- The Washington Times - Friday, August 9, 2013

Virginia gubernatorial candidates Terry McAuliffe and Ken Cuccinelli mixed nasty with nice Friday morning as they made their pitches to a business-friendly crowd in Manassas at the latest forum in a campaign many have labeled a “race to the bottom” for both candidates’ incessant attacks on one another’s policy positions and personal character.

Mr. McAuliffe, a businessman and former chairman of the Democratic National Committee, pledged to work “24 hours a day, seven days a week” to advance the state’s economy and promote job creation, while the Republican Mr. Cuccinelli promised to be a frugal steward of Virginia’s budget and economy who, with his experience as a state senator and current job as the state’s attorney general, would be ready to do the job on day one.

Much of the discussion at the “Battleground Forum” hosted by regional Chambers of Commerce dealt with how each man planned to unclog the state’s congested roads and highways, and how they would approach the application of the federal health care overhaul in Virginia, notably the provision that will expand access to Medicaid, the federal-state health care program for the poor.

Mr. McAuliffe repeatedly touted his support for a bipartisan transportation compromise passed by the General Assembly this year — a package Mr. Cuccinelli opposed but many prominent fellow Republicans, including Gov Bob McDonnell, supported.

“It wasn’t a perfect compromise, but no compromise is,” Mr. McAuliffe said, accusing Mr. Cuccinelli of opposing the plan for “ideological reasons, and he led the tea party opposition to the plan.”

Mr. Cuccinelli said that despite his opposition to the proposal, he would do nothing to roll back its implementation if elected governor. He pledged to be a solid fiscal steward of taxpayer money, alluding to Mr. McAuliffe’s ties to labor unions and a scuttled labor-friendly project deal that saved $300 million on the rail-to-Dulles project.

“My frugality will make every penny in this transportation bill go farther,” he said.

Mr. McAuliffe declined to say whether he would support a proposed bi-county parkway project that would affect the surrounding area and could bump up against the Manassas National Battlefield Park, saying he would not make decisions without having all the facts in front of him. The business-friendly crowd applauded after a tart but cordial exchange when moderator Derek McGintey of WUSA9 said he’d consider moving to Virginia if Mr. McAuliffe told him whether or not he supported the project.

But Mr. McAuliffe did receive applause later on when he made the point of saying that he thinks women should be able to make their own health care decisions.

Mr. Cuccinelli has faced significant ire from women’s groups for his role in the Virginia Board of Health’s approving new hospital-like regulations for abortion clinics in the state after the General Assembly passed a bill instructing them to do so in 2011. NOVA Woman’s Healthcare in Fairfax City, which had performed more abortions than any other location in Virginia, recently shut its doors in the wake of the new regulations.

For his part, Mr. Cuccinelli got applause from the crowd when he spoke about the federal health care overhaul, referring to it as a “rolling jalopy.” The crowd, many of whom have jobs tied in some way to the federal government, clapped after Mr. Cuccinelli predicted the federal government would not follow through on its pledge to eventually cover 90 percent of the states’ Medicaid expansion costs associated with the law.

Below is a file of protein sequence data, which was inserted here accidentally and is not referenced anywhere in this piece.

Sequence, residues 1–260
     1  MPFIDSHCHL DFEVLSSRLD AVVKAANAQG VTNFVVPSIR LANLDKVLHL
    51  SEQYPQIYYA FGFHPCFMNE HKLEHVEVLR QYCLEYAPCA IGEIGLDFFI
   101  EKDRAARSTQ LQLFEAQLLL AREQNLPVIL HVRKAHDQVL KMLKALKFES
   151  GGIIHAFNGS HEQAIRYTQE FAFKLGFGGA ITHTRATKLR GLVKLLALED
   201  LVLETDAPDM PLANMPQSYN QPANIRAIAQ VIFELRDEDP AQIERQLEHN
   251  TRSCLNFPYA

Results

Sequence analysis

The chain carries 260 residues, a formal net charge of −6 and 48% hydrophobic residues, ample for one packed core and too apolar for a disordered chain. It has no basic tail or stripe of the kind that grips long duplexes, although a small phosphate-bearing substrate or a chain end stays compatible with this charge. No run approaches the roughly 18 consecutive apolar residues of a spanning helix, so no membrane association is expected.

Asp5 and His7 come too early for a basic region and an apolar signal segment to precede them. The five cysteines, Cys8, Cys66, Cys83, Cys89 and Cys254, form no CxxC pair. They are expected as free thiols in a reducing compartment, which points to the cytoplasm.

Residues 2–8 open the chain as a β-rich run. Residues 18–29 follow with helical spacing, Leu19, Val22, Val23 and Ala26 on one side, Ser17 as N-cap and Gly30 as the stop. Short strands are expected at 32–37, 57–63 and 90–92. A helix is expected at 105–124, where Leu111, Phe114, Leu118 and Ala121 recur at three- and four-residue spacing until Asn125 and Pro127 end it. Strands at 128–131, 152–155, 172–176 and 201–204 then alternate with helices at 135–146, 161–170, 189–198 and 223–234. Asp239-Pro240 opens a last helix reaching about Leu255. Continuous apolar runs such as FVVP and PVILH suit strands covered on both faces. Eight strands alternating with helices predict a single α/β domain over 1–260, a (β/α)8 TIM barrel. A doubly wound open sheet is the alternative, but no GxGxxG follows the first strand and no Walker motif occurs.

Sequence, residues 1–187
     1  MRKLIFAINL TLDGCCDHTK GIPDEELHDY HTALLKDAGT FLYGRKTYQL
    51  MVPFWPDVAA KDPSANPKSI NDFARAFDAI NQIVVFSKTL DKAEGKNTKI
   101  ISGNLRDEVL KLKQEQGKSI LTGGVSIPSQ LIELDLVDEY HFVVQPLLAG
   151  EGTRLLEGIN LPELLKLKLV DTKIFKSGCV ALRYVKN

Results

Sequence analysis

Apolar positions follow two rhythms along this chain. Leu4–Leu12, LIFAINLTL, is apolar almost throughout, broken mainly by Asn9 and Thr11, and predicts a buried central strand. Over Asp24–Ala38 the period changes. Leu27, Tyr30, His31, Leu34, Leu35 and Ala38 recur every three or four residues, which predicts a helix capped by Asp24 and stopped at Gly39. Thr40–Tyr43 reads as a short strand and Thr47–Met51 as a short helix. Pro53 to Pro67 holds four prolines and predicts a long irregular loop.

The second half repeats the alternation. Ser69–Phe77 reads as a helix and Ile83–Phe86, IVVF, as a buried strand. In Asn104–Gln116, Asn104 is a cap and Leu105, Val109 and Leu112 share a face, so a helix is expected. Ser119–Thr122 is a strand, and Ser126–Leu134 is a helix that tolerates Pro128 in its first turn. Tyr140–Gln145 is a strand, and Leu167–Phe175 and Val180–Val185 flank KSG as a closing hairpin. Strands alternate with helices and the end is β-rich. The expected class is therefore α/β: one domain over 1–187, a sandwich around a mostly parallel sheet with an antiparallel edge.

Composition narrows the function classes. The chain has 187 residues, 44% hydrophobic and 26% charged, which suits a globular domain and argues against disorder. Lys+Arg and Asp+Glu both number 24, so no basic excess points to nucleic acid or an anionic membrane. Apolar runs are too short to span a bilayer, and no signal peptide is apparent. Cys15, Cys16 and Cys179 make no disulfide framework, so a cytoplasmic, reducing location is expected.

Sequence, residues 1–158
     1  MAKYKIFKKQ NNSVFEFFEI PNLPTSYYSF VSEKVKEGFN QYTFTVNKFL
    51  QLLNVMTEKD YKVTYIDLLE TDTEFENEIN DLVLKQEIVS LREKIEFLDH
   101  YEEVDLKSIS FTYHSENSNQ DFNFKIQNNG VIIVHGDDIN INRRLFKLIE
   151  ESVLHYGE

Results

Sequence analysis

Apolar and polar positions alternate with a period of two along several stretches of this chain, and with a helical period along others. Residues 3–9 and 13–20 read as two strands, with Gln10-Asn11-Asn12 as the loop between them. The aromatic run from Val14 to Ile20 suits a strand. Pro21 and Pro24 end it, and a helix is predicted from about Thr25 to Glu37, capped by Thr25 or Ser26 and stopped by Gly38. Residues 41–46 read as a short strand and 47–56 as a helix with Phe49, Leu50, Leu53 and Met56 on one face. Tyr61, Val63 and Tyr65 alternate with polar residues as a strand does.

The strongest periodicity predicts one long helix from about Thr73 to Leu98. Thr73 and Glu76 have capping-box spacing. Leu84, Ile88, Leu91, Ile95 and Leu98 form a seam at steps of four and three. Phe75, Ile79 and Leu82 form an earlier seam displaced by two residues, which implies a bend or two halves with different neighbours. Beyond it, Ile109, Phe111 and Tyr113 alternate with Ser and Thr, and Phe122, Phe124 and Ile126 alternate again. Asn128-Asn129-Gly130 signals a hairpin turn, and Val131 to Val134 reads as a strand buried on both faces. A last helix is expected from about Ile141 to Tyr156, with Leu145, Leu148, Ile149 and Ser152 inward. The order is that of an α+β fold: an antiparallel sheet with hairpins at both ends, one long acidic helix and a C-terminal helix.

“I don’t care whether Republicans or Democrats are in charge in Washington; they never get those numbers right,” he said.

Though the two candidates never shared the stage — Mr. McAuliffe spoke and answered panelists’ questions, followed by Mr. Cuccinelli — they also did a fair share of sniping at one another, exemplifying a campaign many inside and outside the state has been unusually nasty Virginia’s standards.

Mr. McAuliffe said the campaign is a choice between “rigid ideology and mainstream compromise,” arguing that the governor cannot put up walls around the state, citing past comments from Mr. Cuccinelli in the past such as homosexuality was “against nature and harmful to society.”

In their first debate last month, Mr. Cuccinelli said his personal beliefs about gays and lesbians have not changed, but that he wants to work to create an environment in the state where everyone has the opportunity to succeed.

Mr. Cuccinelli, meanwhile, lambasted Mr. McAuliffe as a serial exaggerator and peddler of access to the Lincoln Bedroom and Air Force One when he was a fundraiser for President Clinton during the 1990s.

Mr. McAuliffe has argued that a letter Mr. Cuccinelli sent to state colleges and universities advising them not to include protections for gays and lesbians in their non-discrimination policies nearly scuttled a deal with defense giant Northrup Grumman, which relocated its corporate headquarters to Virginia several years ago.

But Mr. Cuccinelli said Mr. McAuliffe is the only candidate in the race who chased jobs out of Virginia. Mr. McAuliffe chose to locate a plant for GreenTech Automotive, the electric car company he founded, in Mississippi, rather than Virginia.

Issues with the company have dogged Mr. McAuliffe, who quietly resigned as chairman of GreenTech in December. The Securities & Exchange Commission (SEC) is investigating whether the company allegedly guaranteed returns for its investors, and the Department of Homeland Security (DHS) is also investigating whether Alejandro Mayorkas, President Obama’s pick to be the next No. 2 at the agency, helped push through a foreign investor visa application on behalf of GreenTech’s sister company despite it being twice denied. Mr. Mayorkas is currently the U.S. Citizenship and Immigration Services (USCIS) director.

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